“There was no way I was going to develop these products without the College… that’s a fact. I really don’t think my product could be differentiated enough,” says Sotoadeh. “Or even going to a co-packer on my own to do testing would cost me a lot of money and a lot of headaches.”

Guided by food experts with the CFWI Innovation Centre, the research team of students and graduates helped to expand Broya’s holistic line by developing a meat snack with shelf stability and with no additives, refined sugars, hormones or antibiotics. The team conducted extensive research, which included the development of more than 100 different flavour profiles. From those, three different flavours were chosen to develop for market: Sweet Chili Heat Beef Bites, Jalapeno & Honey Chicken Bites and Mango & Cayenne Pepper Turkey Bites.

The meat snacks are now in major grocery stores and other retail shelves across Ontario.

Sotoadeh was so impressed with the Innovation Centre that he partnered with the team again, as they secured funding from the Ontario Centres of Excellence (OCE) College Voucher for Technology Adoption (CVTA) program for an applied research project to assist with improving his original bone broth product.

He received comprehensive research assistance, complete with regulatory, production, packing, labeling, and product development. For example, recommendations were provided to select and monitor quality control parameters for food safety and food processing purposes, using the leading-edge testing equipment at the Innovation Centre labs.

For more information on food and beverage innovation projects, click here.

Parliamentary committee hears from NC Centre Manager on value-added food sector

Parliamentary committee hears from NC Centre Manager on value-added food sector

Lyndon Ashton, Centre Manager for the Canadian Food & Wine Institute (CFWI) Innovation Centre, was recently asked to visit Ottawa to make a presentation regarding the food sector to the Senate Committee on Agriculture & Forestry.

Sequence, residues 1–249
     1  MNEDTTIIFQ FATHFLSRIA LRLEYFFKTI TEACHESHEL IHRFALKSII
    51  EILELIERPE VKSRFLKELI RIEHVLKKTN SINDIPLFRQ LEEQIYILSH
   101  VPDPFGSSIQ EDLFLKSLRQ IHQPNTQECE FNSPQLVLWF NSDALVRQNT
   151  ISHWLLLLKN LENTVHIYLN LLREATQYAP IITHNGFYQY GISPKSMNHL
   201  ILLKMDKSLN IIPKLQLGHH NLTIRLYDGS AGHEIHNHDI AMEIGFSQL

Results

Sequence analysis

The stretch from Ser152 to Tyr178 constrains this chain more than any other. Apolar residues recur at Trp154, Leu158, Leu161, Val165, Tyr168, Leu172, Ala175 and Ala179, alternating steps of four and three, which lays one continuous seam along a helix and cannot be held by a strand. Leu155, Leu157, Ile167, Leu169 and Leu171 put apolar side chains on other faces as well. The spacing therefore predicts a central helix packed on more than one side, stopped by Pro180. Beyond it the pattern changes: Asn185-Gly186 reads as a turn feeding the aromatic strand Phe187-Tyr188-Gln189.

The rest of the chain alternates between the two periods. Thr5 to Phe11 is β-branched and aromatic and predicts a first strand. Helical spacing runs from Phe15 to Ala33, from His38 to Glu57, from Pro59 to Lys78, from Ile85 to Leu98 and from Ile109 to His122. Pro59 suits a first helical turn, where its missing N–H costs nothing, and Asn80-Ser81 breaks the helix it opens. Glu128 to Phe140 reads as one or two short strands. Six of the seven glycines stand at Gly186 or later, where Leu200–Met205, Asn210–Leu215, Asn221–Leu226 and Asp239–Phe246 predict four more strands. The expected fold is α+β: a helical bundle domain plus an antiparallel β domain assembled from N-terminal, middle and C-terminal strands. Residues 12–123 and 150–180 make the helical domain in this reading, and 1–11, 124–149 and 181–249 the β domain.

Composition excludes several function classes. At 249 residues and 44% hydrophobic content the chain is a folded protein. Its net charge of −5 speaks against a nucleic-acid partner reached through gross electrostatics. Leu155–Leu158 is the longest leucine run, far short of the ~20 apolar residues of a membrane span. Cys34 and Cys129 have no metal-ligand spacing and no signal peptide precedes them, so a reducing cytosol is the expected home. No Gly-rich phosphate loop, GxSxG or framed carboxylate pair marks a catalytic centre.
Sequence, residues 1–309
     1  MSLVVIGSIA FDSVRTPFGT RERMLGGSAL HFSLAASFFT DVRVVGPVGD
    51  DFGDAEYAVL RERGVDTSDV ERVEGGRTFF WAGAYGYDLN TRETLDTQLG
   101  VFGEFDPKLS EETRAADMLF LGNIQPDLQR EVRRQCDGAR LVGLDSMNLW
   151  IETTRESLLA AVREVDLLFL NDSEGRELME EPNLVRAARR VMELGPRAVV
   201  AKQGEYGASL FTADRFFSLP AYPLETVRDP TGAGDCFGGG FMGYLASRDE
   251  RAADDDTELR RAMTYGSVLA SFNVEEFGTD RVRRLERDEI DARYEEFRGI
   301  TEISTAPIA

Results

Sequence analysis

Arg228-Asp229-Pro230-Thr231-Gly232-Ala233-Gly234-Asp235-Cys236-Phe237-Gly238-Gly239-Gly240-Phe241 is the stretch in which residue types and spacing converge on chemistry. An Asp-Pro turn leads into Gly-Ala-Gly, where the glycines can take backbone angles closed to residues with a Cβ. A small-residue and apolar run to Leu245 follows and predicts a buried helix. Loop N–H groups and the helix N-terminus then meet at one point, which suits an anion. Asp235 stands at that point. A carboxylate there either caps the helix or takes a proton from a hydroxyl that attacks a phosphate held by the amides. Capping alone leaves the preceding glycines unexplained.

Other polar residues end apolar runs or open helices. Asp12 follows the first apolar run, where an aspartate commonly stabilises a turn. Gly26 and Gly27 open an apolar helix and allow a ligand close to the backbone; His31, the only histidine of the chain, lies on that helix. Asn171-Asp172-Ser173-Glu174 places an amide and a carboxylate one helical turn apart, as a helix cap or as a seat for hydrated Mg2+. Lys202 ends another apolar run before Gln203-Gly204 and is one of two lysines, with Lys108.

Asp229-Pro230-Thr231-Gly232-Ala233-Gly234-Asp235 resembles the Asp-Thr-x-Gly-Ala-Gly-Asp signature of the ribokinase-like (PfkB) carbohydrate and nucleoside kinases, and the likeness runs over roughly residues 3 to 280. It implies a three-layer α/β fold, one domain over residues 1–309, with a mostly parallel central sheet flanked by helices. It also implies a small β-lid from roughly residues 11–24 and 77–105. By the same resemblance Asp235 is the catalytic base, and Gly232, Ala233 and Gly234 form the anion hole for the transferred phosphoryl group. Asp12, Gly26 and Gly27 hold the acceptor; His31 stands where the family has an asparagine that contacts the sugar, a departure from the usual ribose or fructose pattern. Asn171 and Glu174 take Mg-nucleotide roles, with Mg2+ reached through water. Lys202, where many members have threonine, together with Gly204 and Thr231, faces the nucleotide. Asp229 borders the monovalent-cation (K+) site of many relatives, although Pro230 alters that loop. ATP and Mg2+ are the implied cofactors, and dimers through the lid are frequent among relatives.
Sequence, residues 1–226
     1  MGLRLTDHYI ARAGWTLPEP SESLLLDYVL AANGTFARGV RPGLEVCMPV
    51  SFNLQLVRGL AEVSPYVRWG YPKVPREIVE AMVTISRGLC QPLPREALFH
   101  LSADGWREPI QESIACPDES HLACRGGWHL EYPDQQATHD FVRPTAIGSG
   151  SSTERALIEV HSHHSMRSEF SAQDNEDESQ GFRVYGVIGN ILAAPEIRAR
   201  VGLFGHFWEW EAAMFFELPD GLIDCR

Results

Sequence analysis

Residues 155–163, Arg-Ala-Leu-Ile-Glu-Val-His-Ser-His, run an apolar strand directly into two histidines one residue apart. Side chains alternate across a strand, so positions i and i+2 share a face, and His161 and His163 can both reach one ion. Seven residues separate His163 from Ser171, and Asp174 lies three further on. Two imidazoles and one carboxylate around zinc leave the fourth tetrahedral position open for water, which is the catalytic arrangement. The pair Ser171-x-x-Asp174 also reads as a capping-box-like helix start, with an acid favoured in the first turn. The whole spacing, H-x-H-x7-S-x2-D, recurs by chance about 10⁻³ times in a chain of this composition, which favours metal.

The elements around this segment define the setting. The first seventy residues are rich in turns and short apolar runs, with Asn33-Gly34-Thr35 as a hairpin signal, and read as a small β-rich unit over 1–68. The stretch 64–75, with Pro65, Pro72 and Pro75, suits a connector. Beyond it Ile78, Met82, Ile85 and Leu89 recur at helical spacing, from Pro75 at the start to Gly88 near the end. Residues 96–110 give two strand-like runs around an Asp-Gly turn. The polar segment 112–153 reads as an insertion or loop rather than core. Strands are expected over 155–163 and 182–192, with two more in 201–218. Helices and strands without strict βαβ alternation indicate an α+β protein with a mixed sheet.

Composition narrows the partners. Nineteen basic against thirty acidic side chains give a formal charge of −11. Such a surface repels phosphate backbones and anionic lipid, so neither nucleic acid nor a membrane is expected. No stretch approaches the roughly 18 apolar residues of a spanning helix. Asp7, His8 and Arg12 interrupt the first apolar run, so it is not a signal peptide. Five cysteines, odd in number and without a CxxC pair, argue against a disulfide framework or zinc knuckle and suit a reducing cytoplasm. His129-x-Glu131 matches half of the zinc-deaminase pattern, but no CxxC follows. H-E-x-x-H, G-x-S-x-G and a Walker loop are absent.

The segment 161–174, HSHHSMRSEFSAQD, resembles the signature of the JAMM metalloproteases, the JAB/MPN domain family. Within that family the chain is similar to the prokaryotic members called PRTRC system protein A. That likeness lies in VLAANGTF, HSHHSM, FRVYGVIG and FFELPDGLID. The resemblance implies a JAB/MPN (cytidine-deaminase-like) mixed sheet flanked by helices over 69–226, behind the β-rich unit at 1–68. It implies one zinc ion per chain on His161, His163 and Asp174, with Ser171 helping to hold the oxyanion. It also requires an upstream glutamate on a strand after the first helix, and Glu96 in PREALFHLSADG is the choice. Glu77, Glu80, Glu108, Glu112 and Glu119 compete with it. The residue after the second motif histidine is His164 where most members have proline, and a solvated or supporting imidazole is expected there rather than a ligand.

In particular, the federal committee sought input on the work that colleges do to assist business while providing applied research opportunities to students. The committee is currently examining how the value-added food sector can be more competitive in global markets.

During the Nov. 29 presentation, Ashton outlined how SMEs engage with the CFWI Innovation Centre by partnering on projects in a number of key areas that allow them to scale up, innovate, grow, etc.

For example, he spoke of a project with Reinhart Foods, to develop a light hard apple cider. In partnership with the college’s Teaching Winery, and using the expertise of faculty and student researchers, Reinhart’s Red Apple Light Cider was launched, and has been steadily increasing in sales month over month since it was launched in 2017.

Broya is a company focused on holistic living and eating nourishing food. They partnered with the college to refine their products, including their nutritious bone broth product, as well as to develop new types of products, including meat bites that are now on grocery shelves and online sales across Ontario.

Miname came to the college as an importer of ethnic malt beverages facing challenges with finding consistent stable ingredients. After their partnership with the CFWI Innovation Centre, they now have made-in-Canada products that meet the proper food safety protocols, which are available for sale in Canada, and could be developed for export markets as well.

Colleges are dedicated to supporting applied research for students, through co-op and internship programs, but also through the Technology Access Centre program, an NSERC-funded enhancement of the CFWI Innovation Centre, allowing the Centre to hire students as research assistants. They work under the guidance of researchers, shoulder to shoulder with talented people, and in many cases, end up getting hired by the industry partner as soon as the project is finished.

Ashton’s presentation concluded with three main points of what is needed to strengthen the positive results of college-industry partnerships in this sector:

● multi-year funding is important to build up tangible results

● investigating models that develop talent and new intellectual property

● strengthening supports to colleges to support their SMEs

Luis Garcia, Chair, Craig Richardson Institute of Food Processing Technology, at Conestoga College, was also invited to make a presentation on his institution’s work with SMEs.

To learn more about the CFWI Innovation Centre, click here.

Funding for state-of-the-art agri-food and beverage research